Anticipated Shortage of Oncologists Will Strain Ability to Provide Quality Cancer Care

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An update of the ASCO 2007 oncology workforce study found that the Patient Protection and Affordable Care Act, when fully implemented, may “modestly exacerbate” anticipated workforce shortages, increasing the demand for oncologists and radiation oncologists by 500,000 visits per year. “Unless oncologist productivity can be enhanced, the anticipated shortage will strain the ability to provide quality cancer care,” the authors of the updated analysis wrote in the Journal of Oncology Practice.

“Beginning in 2012, 16,347 oncologists and radiation oncologists were active and supplying 15,190 full-time equivalents of patient care,” the researchers reported. They defined a full-time equivalent as “the expected number of patient visits that an average oncologist or radiation oncologist engaged full time in clinical care would provide in a year.”

Summarizing their analysis, the authors noted, “Without consideration of the Affordable Care Act, overall demand for oncologist services is projected to grow 40% (21,255 [full-time equivalents]), whereas supply may grow only 25% (18,997 [full-time equivalents]), generating a shortage of 2,258 [full-time equivalents] in 2025. When fully implemented, the [Affordable Care Act] could increase the demand for oncologists and radiation oncologists by 500,000 visits per year, increasing the shortage to 2,393 [full-time equivalents] in 2025.”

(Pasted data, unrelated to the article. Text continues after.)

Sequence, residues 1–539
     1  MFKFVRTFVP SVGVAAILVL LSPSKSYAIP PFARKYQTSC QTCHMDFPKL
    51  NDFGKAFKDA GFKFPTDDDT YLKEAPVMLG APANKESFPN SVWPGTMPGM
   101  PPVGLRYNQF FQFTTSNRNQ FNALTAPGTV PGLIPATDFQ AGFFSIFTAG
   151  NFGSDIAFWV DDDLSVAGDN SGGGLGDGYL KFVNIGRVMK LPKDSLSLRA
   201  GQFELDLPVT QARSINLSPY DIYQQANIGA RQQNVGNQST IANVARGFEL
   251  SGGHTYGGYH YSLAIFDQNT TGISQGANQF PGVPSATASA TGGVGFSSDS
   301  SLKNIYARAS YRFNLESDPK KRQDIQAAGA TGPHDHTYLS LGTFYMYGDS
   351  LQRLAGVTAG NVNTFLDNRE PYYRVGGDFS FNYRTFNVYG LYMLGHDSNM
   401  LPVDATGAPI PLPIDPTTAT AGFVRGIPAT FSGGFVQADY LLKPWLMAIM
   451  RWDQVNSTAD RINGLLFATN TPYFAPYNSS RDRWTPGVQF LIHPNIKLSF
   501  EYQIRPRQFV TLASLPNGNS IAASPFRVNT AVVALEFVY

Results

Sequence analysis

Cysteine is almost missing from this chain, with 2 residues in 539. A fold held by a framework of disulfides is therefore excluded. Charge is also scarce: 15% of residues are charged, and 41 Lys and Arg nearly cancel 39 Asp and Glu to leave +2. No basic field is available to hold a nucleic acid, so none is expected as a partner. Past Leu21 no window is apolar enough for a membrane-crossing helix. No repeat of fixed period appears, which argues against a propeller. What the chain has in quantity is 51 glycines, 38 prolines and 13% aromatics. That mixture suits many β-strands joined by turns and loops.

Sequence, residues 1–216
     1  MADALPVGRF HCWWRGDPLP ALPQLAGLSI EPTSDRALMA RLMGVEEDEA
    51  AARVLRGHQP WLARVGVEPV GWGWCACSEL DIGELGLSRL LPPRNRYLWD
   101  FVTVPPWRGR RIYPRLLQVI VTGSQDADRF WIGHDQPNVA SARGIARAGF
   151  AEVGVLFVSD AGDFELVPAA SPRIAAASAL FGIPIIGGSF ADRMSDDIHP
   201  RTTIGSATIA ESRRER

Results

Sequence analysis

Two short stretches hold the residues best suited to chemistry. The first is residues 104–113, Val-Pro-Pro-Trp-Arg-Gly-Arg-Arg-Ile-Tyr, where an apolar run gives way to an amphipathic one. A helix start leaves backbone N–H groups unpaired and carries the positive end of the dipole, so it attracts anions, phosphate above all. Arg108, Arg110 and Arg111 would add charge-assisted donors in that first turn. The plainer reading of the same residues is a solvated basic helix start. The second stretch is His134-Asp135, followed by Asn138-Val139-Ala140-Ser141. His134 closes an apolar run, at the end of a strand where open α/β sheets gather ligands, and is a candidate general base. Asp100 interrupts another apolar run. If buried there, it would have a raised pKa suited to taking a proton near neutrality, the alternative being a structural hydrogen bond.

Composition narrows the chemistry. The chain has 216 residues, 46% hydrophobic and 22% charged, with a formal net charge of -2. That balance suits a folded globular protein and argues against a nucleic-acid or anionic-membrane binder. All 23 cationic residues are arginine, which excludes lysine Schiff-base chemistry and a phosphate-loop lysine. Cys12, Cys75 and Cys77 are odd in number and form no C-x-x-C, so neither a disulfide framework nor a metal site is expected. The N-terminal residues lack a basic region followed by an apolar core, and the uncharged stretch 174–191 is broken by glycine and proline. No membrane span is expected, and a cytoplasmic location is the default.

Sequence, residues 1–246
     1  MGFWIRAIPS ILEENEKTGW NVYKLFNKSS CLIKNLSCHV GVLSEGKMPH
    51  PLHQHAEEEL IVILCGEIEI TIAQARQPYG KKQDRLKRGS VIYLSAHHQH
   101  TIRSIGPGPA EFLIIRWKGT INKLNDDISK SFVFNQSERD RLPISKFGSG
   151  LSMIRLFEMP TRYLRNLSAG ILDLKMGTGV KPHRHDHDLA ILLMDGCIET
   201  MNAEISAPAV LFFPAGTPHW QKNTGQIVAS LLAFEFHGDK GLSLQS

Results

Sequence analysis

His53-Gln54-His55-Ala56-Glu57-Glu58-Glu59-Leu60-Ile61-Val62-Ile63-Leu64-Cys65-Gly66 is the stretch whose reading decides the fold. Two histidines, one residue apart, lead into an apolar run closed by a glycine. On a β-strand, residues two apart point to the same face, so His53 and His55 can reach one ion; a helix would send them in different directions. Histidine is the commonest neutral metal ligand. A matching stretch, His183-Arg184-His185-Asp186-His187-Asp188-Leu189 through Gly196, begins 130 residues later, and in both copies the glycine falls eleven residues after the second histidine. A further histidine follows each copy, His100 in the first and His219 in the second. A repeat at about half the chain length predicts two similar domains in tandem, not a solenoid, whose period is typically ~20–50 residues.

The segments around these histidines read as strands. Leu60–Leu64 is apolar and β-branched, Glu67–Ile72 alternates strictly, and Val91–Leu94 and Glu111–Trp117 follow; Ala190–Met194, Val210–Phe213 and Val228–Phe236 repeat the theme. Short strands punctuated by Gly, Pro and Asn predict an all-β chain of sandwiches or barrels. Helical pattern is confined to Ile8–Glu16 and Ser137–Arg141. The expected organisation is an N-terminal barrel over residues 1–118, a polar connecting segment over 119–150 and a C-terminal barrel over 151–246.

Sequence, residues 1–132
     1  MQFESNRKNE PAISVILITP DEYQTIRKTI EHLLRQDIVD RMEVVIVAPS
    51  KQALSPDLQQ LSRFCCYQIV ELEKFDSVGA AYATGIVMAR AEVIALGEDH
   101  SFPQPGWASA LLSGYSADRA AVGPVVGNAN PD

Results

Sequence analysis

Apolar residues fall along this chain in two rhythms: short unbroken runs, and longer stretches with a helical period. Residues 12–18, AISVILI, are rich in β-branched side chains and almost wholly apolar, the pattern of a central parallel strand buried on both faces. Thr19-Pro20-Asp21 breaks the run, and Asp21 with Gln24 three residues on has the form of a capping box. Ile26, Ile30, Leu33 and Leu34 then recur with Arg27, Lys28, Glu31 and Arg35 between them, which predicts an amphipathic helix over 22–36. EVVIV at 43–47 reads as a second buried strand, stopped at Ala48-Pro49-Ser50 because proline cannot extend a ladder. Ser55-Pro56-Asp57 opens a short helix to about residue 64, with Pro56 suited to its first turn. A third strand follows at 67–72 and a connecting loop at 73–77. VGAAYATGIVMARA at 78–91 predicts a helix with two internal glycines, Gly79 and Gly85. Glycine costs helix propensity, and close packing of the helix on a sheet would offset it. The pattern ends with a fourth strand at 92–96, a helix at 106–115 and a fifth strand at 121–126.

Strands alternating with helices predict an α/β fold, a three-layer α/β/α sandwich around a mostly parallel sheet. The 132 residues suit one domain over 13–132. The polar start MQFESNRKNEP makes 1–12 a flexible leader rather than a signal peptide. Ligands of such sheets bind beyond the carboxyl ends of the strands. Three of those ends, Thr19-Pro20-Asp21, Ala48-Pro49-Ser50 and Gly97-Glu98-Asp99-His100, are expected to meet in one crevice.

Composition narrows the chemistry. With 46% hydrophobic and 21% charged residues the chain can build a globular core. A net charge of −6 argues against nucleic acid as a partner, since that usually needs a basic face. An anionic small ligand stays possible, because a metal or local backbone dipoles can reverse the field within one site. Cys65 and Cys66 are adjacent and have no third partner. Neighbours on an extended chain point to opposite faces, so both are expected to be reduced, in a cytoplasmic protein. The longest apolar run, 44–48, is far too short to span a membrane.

Closing the gap between baseline supply and demand projections by the year 2025 would require increasing entering residency and fellowship positions by 210 for oncology and 120 for radiation oncology between 2014 and 2022, the authors estimated. “Because it is unlikely that the US health system will expand physician training programs so dramatically on such a short time horizon, strategies to improve the productivity of oncologists and radiation oncologists should be considered and evaluated to mitigate the shortfall,” they wrote.

Among those possible strategies is more collaborative and coordinated care by oncologists, radiation oncologists, and advanced practitioners with oncology-specific training. “This scenario may be the most likely strategy to increase supply because the funding to increase fellowship training slots is uncertain,” the authors noted.

The updated study was supported by Susan G. Komen for the Cure and ASCO. The authors represented the Lewin Group in Falls Church, Virginia; ASCO; South Texas Oncology and Hematology in San Antonio; the Scripps Clinic in La Jolla, California; Memorial Sloan Kettering Cancer Center in New York; and Beth Israel Deaconess Medical Center in Boston.

Yang W, et al: J Oncol Pract 10:39-46, 2014.




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